Retail investors would prefer to take some risk (but not too much risk) with corporate bonds to find the sweet spot between not too risky but a good yield.
However, given a certain credit quality, you can accept throughout your retirement, the bonds should roughly trade at a premium above risk-free bonds (in this case, the 5-year SGS bonds).
If the 5-year SGS bonds trade at a healthy yield, the corporate bonds trade at a healthy yield.
You can see that the 5-year SGS bonds once traded at 5.44%, but in 2002 that dropped to 1.74% before climbing back to 3.03% in 2006. In 2011, the yield dropped to 0.60% and currently, the yield is 2.75%.
The Impact of Yield Volatility on Retirement Income
If you wish to protect and not spend your capital, your income will be volatile, given the reinvestment risk.
The table below shows a case study of an investor who decides to retire at the start of 1988 by investing $2 million in a portfolio of bonds with a tenor of 5 years:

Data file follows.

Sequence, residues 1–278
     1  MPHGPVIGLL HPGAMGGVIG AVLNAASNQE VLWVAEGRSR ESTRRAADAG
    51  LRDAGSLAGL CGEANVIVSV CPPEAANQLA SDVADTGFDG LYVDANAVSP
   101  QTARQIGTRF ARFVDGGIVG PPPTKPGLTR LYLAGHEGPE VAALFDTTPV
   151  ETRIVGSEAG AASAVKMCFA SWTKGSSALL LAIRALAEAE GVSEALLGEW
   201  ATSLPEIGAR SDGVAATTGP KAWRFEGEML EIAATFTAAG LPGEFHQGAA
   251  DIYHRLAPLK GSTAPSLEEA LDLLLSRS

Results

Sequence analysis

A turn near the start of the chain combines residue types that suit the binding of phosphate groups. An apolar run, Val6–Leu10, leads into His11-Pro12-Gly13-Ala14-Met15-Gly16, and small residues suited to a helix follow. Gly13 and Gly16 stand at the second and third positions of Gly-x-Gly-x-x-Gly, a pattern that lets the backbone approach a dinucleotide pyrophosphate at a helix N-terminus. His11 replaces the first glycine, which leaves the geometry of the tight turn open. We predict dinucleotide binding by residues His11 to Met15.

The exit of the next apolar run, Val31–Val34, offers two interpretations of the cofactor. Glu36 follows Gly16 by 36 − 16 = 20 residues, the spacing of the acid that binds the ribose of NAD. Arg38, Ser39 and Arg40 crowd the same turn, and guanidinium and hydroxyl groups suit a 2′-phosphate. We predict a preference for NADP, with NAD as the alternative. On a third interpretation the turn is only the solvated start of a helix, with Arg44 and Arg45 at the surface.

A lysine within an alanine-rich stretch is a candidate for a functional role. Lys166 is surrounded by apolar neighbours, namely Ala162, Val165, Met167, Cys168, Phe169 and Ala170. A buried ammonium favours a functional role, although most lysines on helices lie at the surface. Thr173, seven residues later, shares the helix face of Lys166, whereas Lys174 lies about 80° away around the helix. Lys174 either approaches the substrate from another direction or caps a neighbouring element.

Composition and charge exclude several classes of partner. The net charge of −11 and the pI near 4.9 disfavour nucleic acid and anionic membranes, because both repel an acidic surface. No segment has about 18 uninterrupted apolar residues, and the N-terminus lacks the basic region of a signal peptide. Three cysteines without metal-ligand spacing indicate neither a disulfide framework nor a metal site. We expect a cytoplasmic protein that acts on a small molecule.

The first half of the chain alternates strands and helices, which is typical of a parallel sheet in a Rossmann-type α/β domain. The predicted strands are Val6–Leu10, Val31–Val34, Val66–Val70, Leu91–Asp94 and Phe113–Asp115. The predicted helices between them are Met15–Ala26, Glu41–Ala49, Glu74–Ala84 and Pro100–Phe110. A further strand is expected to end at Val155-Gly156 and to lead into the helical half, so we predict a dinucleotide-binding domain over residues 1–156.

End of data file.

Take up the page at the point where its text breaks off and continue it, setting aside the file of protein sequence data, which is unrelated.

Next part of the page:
Instead of investing in SGS bonds, he decides to go out in the risk curve to search for bonds whose quality is good enough but give you a higher yield. I assume the investor can find a corporate bond with a 1.5% higher yield with decent quality whenever he or she reinvests.
The investor would return the $2 million principal every five years and reinvest at the prevailing yield.
You would notice that the investor retiring in 1988 will see his or her income fall from $138k to $39k today. If he or she needs all that $138,000 without much flexibility in spending, you can imagine how his or her plan would crumble.
Bond yields since the 1980s have been on a downtrend (with an R-square of 0.675). Even if bond yields are not in a downtrend, we can observe that the income is volatile.
Yet, in this strategy, the investor cannot sell part of his or her capital to smooth out his or her spending.
His income is deflationary, while the world is inflating away. He is losing his purchasing power massively.
Possible Improvements to the Individual Bonds Retirement Income Strategy